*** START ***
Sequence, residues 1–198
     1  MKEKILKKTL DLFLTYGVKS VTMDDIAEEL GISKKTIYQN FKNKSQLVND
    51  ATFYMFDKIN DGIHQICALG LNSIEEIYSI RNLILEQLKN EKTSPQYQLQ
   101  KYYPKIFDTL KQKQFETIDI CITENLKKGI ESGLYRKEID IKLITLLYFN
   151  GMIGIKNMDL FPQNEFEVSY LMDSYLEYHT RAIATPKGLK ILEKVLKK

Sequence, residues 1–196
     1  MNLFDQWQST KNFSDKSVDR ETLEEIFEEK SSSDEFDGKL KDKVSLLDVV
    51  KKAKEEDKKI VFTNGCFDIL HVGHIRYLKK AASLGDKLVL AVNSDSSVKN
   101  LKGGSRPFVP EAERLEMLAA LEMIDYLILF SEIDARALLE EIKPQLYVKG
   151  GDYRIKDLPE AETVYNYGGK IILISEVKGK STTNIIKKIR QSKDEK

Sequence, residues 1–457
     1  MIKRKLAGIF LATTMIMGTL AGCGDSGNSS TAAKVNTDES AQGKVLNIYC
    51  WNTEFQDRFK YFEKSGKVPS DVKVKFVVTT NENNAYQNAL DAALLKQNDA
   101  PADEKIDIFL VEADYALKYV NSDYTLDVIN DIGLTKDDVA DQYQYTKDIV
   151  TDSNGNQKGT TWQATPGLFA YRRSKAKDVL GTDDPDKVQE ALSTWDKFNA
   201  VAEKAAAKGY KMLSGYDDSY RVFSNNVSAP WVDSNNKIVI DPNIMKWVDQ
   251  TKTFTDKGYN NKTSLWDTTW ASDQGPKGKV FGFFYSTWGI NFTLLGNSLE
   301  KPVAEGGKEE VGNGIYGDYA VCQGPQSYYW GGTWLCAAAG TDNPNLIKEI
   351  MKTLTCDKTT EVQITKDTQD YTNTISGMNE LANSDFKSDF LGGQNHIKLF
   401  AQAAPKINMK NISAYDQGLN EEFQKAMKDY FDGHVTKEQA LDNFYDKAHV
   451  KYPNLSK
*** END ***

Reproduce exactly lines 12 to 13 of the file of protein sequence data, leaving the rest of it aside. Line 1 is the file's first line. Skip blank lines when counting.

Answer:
     1  MIKRKLAGIF LATTMIMGTL AGCGDSGNSS TAAKVNTDES AQGKVLNIYC
    51  WNTEFQDRFK YFEKSGKVPS DVKVKFVVTT NENNAYQNAL DAALLKQNDA